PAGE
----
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The Maze Runner (Book 1) Paperback – August 24, 2010
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"Devoted" by Dean Koontz
For the first time in paperback, from Dean Koontz, the master of suspense, comes an epic thriller about a terrifying killer and the singular compassion it will take to defeat him. | Learn more
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A #1 New York Times Bestselling Series
A USA Today Bestseller
A Kirkus Reviews Best Teen Book of the Year
An ALA-YASLA Best Fiction for Young Adults Book
An ALA-YALSA Quick Pick
"[A] mysterious survival saga that passionate fans describe as a fusion of Lord of the Flies, The Hunger Games, and Lost."—EW
“Wonderful action writing—fast-paced…but smart and well observed.”—Newsday
“[A] nail-biting must-read.”—Seventeen
“Breathless, cinematic action.”—Publishers Weekly
“Heart pounding to the very last moment.”—Kirkus Reviews
[STAR] “James Dashner’s illuminating prequel [The Kill Order] will thrill fans of this Maze Runner [series] and prove just as exciting for readers new to the series.”—Shelf Awareness, Starred
"Take a deep breath before you start any James Dashner book."-Deseret News
About the Author
James Dashner is the author of the #1 New York Times bestselling Maze Runner series: The Maze Runner, The Scorch Trials, The Death Cure, and The Kill Order, as well as The Eye of Minds and The Rule of Thoughts, the first two books in the Mortality Doctrine series. Dashner was born and raised in Georgia, but now lives and writes in the Rocky Mountains. To learn more about James and his books, visit JamesDashner.com, follow @jamesdashner on Twitter, and find dashnerjames on Instagram.
- Lexile Measure : HL770L
- Grade Level : 7 - 9
- Item Weight : 12 ounces
- ISBN-10 : 9780385737951
- ISBN-13 : 978-0385737951
- Paperback : 375 pages
- Product Dimensions : 5.56 x 0.85 x 8.25 inches
- Publisher : Delacorte Press; Reprint Edition (August 24, 2010)
- Reading level : 12 - 17 years
- Language: : English
- ASIN : 0385737955
- Best Sellers Rank: #2,137 in Books (See Top 100 in Books)
- Customer Reviews:
Top reviews from the United States
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I see a lot of reviews talking about how the characters were without personality, boring, unreadable, flat. In some ways I do understand the frustration. At times it's near impossible to read what is going on exactly, BUT I think I've found purpose to what so many deem madness. I mean, these are kids who woke up in a strange place with no memory of who they are, where they came from. To top it all off, they're trapped in a maze crawling with monsters at night. And no matter how much they try to escape, they can't. They have lived in a place with no idea of what they were, who they were supposed to be, or what they ARE supposed to be now. For me, it would only make sense for a stagnant environment to produce stagnation in the people occupying it. I know that may be reaching a little bit - but it's what has helped me to manage through the book with a peaked interest.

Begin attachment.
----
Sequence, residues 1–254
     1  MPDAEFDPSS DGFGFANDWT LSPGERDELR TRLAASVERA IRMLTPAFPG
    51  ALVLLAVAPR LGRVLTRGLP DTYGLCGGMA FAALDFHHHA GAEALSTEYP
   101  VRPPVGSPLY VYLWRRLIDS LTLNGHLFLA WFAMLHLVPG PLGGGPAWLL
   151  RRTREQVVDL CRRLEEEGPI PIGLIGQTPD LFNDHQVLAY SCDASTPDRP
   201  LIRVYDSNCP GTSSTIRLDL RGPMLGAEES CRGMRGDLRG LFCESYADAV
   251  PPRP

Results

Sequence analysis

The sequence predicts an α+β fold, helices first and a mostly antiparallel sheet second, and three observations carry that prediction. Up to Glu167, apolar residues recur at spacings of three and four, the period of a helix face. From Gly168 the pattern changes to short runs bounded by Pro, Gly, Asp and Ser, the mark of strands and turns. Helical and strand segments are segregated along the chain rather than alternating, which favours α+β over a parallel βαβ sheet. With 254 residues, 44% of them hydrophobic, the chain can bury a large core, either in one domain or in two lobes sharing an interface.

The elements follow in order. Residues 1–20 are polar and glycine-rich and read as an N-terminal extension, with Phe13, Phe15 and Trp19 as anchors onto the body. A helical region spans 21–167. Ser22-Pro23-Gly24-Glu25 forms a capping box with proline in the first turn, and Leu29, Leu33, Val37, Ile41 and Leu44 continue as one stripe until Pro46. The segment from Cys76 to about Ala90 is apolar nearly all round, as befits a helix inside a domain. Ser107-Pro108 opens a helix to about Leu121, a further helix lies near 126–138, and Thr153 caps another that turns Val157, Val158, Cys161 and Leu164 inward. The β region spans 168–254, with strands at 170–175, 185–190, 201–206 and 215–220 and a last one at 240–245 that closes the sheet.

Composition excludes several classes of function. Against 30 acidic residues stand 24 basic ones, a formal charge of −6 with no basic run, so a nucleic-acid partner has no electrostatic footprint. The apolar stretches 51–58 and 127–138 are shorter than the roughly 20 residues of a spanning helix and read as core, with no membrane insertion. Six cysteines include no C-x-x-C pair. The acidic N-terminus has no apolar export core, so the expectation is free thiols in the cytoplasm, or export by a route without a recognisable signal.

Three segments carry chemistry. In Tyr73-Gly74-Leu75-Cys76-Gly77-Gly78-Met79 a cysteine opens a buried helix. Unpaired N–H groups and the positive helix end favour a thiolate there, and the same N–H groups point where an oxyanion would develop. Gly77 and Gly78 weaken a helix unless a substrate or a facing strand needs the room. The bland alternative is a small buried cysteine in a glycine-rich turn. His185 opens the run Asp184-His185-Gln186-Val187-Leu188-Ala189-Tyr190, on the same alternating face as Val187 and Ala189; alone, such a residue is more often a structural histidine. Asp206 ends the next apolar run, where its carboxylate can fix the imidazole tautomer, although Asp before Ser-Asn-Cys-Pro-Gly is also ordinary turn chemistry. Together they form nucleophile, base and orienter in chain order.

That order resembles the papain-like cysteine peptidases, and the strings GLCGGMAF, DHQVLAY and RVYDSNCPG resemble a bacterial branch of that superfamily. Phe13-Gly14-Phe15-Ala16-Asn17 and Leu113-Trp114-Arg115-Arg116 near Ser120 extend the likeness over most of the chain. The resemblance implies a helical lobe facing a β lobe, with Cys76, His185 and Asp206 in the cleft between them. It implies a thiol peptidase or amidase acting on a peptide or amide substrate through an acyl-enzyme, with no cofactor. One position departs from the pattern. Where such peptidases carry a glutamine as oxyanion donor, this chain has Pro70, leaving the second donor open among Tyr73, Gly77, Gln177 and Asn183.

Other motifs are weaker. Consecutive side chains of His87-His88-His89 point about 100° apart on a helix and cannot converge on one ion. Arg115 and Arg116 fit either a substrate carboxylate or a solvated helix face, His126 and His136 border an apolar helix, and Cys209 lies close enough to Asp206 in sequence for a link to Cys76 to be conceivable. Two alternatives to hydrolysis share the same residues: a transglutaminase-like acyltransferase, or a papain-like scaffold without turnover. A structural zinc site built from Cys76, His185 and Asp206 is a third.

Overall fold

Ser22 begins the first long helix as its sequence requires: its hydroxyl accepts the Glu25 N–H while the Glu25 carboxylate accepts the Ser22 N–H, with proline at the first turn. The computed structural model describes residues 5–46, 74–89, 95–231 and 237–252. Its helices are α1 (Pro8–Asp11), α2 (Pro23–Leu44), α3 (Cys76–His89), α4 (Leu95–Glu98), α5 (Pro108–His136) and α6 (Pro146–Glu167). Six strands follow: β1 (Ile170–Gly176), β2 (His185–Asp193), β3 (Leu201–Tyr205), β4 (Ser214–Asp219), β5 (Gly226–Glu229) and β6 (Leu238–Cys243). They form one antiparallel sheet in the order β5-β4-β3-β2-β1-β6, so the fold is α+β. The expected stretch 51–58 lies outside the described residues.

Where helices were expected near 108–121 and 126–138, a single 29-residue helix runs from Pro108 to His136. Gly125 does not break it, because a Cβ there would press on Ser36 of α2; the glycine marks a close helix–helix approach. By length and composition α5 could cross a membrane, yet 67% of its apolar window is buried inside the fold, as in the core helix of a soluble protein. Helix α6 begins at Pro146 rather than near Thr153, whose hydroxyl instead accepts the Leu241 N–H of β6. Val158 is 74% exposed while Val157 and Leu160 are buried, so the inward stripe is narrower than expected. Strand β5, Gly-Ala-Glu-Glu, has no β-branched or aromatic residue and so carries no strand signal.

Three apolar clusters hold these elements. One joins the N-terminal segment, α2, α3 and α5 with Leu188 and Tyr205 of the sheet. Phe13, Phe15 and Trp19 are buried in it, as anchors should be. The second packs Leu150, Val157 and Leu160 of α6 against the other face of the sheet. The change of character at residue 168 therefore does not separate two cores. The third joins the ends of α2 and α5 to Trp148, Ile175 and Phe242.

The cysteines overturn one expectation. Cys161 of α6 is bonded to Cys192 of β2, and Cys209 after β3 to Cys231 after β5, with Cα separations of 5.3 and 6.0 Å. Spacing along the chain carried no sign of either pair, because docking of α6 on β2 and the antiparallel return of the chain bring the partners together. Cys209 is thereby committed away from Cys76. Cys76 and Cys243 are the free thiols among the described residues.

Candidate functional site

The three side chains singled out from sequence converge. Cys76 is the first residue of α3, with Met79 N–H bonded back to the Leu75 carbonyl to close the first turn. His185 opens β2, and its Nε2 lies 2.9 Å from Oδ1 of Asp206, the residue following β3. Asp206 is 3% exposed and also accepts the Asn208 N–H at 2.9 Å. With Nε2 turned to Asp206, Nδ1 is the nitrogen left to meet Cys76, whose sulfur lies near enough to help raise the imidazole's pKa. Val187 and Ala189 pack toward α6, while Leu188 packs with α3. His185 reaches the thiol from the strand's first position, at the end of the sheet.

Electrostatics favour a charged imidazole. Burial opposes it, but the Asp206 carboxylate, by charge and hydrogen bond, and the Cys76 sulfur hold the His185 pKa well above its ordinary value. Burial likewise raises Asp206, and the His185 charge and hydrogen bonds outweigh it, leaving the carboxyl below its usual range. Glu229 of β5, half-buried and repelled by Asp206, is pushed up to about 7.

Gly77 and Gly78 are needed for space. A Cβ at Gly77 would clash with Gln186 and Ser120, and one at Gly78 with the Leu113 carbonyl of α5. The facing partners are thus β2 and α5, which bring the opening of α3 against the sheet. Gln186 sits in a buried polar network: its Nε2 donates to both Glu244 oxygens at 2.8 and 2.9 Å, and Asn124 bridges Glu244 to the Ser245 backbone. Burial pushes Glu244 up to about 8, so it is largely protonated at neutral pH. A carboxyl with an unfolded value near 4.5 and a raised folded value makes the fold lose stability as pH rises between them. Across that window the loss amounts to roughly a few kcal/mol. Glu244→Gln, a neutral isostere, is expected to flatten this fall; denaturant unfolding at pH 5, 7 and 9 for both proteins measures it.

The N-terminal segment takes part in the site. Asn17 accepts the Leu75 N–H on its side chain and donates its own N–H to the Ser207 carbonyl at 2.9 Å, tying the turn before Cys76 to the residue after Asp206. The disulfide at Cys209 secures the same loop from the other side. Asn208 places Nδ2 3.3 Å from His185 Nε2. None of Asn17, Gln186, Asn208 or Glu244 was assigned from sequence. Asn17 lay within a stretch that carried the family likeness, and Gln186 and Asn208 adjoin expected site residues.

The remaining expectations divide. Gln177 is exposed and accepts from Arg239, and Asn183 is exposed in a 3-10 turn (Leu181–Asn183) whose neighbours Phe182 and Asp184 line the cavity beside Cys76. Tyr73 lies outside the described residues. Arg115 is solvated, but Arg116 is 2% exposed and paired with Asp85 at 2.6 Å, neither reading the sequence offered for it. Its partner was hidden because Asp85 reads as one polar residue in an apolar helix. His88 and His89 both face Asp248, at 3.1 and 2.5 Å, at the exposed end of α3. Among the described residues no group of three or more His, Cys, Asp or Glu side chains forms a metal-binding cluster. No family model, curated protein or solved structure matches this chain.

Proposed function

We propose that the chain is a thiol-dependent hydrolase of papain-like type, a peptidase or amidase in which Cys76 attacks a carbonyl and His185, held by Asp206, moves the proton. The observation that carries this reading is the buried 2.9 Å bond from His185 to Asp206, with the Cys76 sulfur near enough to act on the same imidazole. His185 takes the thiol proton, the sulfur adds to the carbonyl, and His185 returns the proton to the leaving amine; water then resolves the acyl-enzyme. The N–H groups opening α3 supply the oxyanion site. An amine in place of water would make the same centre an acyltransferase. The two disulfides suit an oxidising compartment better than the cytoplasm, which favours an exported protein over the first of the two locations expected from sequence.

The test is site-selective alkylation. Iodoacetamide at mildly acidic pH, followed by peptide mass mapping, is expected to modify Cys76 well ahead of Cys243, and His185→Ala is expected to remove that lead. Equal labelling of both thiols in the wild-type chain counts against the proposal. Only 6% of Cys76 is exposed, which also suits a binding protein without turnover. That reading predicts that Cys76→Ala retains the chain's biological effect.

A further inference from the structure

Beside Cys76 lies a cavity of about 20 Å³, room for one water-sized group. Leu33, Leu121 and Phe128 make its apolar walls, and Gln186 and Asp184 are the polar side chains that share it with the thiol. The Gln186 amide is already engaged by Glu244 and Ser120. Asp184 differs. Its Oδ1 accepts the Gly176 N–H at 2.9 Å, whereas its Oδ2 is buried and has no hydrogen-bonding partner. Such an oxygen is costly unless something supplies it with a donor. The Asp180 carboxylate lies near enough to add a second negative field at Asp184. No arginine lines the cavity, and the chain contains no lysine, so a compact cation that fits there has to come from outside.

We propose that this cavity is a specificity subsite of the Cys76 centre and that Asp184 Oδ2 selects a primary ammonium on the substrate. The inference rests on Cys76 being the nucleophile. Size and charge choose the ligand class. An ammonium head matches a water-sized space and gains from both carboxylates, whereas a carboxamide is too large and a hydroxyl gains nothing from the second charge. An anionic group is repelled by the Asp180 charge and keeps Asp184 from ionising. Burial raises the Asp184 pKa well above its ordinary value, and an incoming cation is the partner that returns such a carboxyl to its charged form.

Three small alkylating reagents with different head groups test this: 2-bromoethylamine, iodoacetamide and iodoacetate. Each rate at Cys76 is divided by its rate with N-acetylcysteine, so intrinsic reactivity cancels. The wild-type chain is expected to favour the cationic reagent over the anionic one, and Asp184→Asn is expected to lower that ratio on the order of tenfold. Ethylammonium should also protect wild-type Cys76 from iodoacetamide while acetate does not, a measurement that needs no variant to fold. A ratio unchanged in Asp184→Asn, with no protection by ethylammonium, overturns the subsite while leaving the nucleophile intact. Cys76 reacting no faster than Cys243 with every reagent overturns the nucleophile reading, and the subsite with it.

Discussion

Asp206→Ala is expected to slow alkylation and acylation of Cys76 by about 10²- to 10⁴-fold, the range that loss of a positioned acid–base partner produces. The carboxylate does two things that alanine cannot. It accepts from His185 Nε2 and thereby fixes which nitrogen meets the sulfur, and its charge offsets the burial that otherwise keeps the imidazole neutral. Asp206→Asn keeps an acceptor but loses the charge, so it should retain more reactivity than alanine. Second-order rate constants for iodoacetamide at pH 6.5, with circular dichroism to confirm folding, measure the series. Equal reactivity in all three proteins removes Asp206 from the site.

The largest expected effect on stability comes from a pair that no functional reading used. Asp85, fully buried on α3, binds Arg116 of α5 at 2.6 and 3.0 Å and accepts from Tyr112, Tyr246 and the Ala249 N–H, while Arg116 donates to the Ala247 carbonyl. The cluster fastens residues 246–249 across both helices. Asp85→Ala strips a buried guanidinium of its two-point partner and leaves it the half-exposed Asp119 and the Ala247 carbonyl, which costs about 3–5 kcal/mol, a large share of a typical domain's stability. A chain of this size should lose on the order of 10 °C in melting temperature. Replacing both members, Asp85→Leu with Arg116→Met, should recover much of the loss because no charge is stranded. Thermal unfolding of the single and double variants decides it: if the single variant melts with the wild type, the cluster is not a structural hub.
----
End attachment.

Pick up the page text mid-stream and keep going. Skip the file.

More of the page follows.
I couldn't put the novel down. Overall, I find the concept of the story good. And despite the blank slates of many characters, they are still fairly likable (except for Alby. Book Alby worked my absolute last nerve. He was a complete 360 from his movie self and I have never hated a character so much so quickly. I disliked him more than Gally >:( ). All in all, the movie made me want to dive directly into The Scorch Trials, so it definitely did something right. Honestly, I think the biggest issue that most people can agree with is the lack of personality in the characters. But in my perspective, I can kind of make it work in my head! I look forward to continuing these books.
Hmm, okay, have you ever played Monkey in the Middle? Well, imagine you are the monkey in the middle, you have Thomas (the lead character) on one end, and James Dashner (the author) on the other end. Okay, now imagine James Dashner holding a mysterious black velvet drawstring which holds all the answers you are dying to get your hands on. Okay, now picture Thomas and Dashner cackling as they toss the drawstring back and forth over your head. At first, you chuckle and say something like, "Oh, come on guys," then 30 chapters later, while they continue to play their silly game, you give up on the attempt to intercept the drawstring, and crossing your arms you say something like, "Okay, this is getting really annoying."